Wednesday, May 4, 2016

Special Breakthrough Prize in Fundamental Physics Awarded for Detection of Gravitational Waves

The collision of two black holes holes—a tremendously powerful event detected for the first time ever by the Laser Interferometer Gravitational-Wave Observatory, or LIGO—is seen in this still from a computer simulation. LIGO detected gravitational waves, or ripples in space and time generated as the black holes spiraled in toward each other, collided, and merged. This simulation shows how the merger would appear to our eyes if we could somehow travel in a spaceship for a closer look. It was created by solving equations from Albert Einstein's general theory of relativity using the LIGO data. Credit: SXS, the Simulating eXtreme Spacetimes (SXS) project (http://www.black-holes.org)

The Selection Committee of the Breakthrough Prize in Fundamental Physics announced on Monday a Special Breakthrough Prize in Fundamental Physics recognizing scientists and engineers contributing to the momentous detection of gravitational waves – a detection announced on February 11, 2016. The Special Breakthrough Prize can be conferred at any time in recognition of an extraordinary scientific achievement. The $3 million award will be shared between two groups of laureates: the three founders of the Laser Interferometer Gravitational-Wave Observatory (LIGO), who will each equally share $1 million; and 1012 contributors to the experiment, who will each equally share $2 million.

The founders are Ronald W. P. Drever, Caltech, professor of physics, emeritus; Kip S. Thorne, Caltech, the Feynman Professor of Theoretical Physics, emeritus; and Rainer Weiss, MIT, professor of physics, emeritus.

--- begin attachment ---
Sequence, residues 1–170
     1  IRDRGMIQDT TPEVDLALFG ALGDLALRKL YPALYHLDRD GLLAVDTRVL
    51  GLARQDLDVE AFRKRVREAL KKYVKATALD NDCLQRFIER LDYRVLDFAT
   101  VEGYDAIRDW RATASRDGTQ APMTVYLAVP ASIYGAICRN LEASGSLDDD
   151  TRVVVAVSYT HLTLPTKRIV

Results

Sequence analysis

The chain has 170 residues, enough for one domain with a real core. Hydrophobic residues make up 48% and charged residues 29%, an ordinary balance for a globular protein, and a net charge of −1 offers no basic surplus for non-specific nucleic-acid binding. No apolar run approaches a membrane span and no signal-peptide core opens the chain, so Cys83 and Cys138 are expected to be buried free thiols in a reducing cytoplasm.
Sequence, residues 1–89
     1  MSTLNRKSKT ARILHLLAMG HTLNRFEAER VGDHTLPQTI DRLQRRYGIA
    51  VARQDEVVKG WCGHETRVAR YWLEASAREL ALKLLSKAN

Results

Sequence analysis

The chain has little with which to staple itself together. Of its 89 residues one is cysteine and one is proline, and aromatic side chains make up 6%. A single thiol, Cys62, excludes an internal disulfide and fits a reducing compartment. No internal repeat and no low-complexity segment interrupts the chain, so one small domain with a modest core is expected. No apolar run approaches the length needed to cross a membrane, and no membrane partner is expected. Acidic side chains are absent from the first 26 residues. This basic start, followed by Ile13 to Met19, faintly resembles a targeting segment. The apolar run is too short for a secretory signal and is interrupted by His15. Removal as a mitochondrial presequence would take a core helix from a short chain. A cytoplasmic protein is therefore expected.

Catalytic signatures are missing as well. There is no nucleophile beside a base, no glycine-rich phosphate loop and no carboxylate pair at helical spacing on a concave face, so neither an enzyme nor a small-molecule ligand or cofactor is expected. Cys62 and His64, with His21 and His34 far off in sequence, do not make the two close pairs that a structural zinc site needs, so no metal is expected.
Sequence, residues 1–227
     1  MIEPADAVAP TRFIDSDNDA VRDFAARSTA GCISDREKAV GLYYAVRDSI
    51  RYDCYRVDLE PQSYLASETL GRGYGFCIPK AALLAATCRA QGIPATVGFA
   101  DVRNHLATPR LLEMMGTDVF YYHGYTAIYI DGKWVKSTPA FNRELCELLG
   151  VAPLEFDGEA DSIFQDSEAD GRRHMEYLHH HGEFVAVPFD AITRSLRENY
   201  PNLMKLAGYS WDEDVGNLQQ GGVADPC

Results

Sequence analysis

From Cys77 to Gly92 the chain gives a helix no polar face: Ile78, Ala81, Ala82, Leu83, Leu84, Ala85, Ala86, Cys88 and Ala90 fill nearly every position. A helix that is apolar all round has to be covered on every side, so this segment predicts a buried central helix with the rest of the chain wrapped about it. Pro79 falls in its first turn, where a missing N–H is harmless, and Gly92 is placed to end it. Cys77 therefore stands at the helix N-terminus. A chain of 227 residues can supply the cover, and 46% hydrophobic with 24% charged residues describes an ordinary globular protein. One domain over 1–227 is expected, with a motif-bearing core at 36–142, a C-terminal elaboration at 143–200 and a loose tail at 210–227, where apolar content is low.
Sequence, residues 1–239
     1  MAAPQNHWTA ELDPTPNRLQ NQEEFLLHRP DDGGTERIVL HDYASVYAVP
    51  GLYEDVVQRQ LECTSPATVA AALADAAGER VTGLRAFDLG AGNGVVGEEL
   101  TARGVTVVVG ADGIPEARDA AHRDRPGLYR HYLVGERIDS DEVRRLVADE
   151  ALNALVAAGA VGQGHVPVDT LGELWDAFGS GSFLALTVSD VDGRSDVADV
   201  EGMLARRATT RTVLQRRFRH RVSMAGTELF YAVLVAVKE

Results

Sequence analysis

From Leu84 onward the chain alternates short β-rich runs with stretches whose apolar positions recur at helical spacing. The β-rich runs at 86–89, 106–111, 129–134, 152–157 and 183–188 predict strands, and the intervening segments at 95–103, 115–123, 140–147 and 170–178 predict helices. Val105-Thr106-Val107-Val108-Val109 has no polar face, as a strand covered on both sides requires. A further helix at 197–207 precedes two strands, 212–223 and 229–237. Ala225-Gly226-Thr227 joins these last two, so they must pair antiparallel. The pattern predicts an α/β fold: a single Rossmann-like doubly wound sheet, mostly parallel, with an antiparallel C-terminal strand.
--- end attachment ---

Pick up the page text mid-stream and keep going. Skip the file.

The contributors sharing the prize include 1005 authors of the paper describing the discovery of gravitational waves from the numerous institutions involved in LIGO and its sister experiment, the Virgo Collaboration. Also sharing the prize are seven scientists who made important contributions to the success of LIGO. The names of the contributors are listed below.

The laureates will be recognized at the 2017 Breakthrough Prize ceremony in the fall of 2016, where the annual Breakthrough Prize in Fundamental Physics (distinct from the special prize) will also be presented, along with the Breakthrough Prizes in Life Sciences and Mathematics. Nominations for these prizes are open until May 31, 2016 and can be made online at breakthroughprize.org.

Stephen Hawking, who won the Special Breakthrough Prize in 2013, said, “This discovery has huge significance: firstly, as evidence for general relativity and its predictions of black hole interactions, and secondly as the beginning of a new astronomy that will reveal the universe through a different medium. The LIGO team richly deserves the Special Breakthrough Prize.”

Yuri Milner, one of the founders of the Breakthrough Prizes, said, “The creative powers of a unique genius, many great scientists, and the universe itself, have come together to make a perfect science story.”

Edward Witten, the chair of the Selection Committee, commented, “This amazing achievement lets us observe for the first time some of the remarkable workings of Einstein’s theory. Theoretical ideas about black holes which were close to being science fiction when I was a student are now reality.”

2 comments:

  1. What evidence do we have that gravity waves travel at the speed of light? I believe they do and I think I know why!

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